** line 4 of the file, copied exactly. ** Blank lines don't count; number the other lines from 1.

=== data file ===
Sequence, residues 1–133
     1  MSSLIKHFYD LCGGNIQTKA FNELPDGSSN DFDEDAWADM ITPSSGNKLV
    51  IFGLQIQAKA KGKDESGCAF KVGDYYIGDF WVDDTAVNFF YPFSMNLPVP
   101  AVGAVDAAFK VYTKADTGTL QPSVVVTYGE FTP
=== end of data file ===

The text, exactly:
   101  AVGAVDAAFK VYTKADTGTL QPSVVVTYGE FTP